Barnaby Joyce has been urged to “just shut up” by fellow NSW Nationals after he stoked divisions over coal and leadership tensions on the eve of the state election.
NSW Deputy Premier John Barilaro issued the blunt warning on Tuesday to the former deputy prime minister after days of divisions on energy policy.
“My message to my federal colleagues is simple: Just shut up. It’s simple: Stop navel-gazing,” he said.
“Stop talking about yourselves.”
Deputy Nationals leader Bridget McKenzie also slapped down Mr Joyce’s latest policy frolic amid division about building a taxpayer-funded coal-fired power station.
Warning that Mr Joyce is out of step with the Nationals’ agreed party room position, Senator McKenzie said voters were sick and tired of politicians squabbling over energy rather than bringing down prices.
“I think Australia is frustrated that there is a politician out there who is not focused on their needs and issues,” she said.
“Power prices is one of the No.1 issues. Cost of living is really biting out there. So we need to make sure our policies address that and not talking about ourselves.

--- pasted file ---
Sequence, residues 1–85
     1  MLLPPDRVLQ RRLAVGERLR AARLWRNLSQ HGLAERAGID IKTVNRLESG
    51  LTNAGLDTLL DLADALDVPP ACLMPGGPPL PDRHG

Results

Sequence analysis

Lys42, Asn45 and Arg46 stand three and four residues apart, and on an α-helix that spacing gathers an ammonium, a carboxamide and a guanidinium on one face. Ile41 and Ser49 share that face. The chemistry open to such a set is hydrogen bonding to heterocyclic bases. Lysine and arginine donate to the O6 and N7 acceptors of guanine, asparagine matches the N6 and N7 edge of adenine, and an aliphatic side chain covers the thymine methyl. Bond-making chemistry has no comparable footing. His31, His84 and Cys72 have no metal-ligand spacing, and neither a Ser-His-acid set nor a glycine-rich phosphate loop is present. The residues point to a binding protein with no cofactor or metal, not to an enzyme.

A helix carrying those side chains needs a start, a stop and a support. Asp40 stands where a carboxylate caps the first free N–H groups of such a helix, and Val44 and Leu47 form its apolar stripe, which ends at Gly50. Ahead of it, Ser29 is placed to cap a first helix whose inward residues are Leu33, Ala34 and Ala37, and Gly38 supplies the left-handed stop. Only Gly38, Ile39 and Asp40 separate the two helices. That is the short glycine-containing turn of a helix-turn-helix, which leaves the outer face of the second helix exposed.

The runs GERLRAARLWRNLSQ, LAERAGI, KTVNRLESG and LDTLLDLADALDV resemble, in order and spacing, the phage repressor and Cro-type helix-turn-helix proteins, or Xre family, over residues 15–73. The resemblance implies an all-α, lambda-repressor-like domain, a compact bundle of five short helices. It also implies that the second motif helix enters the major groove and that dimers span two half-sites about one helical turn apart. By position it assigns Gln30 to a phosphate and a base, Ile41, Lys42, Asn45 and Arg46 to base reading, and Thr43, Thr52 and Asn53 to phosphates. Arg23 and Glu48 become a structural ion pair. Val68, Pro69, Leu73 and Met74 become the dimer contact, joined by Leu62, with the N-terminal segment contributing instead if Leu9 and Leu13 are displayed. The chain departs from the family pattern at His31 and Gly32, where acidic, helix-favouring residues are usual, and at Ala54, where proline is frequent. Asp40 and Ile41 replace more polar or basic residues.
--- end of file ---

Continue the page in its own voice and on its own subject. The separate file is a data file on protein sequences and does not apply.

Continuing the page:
“What Barnaby Joyce is saying publicly is very different to what the party room is saying.”
The blow-up follows Mr Joyce’s declaration at the weekend that he was Australia’s “elected deputy prime minister”.
Mr Joyce was forced to stand down as Nationals leader – and deputy PM – just over a year ago, in the face of revelations of an extramarital affair and claims of sexual harassment.
He has ruled out a tilt at returning to the party leadership before the election, but won’t rule out putting his hand up after that.
“Michael McCormack is our leader. We all back him to the hilt. He will be leading us to the federal election. He has delivered in spades as leader of the National Party,” Senator McKenzie said.
Liberal MP Tim Wilson said his colleagues were not about to bankroll a coal-fired power station if the business case didn’t stack up.
“If the market believes there’s a case for doing it, then it will finance it and fund it,” he said.
“The government’s job isn’t to just come along and build things because we like them. Particularly if there isn’t even a business case.
that stacks it up.
“We are not supporters of just using taxpayers’ money to underwrite new investments because it’s convenient.”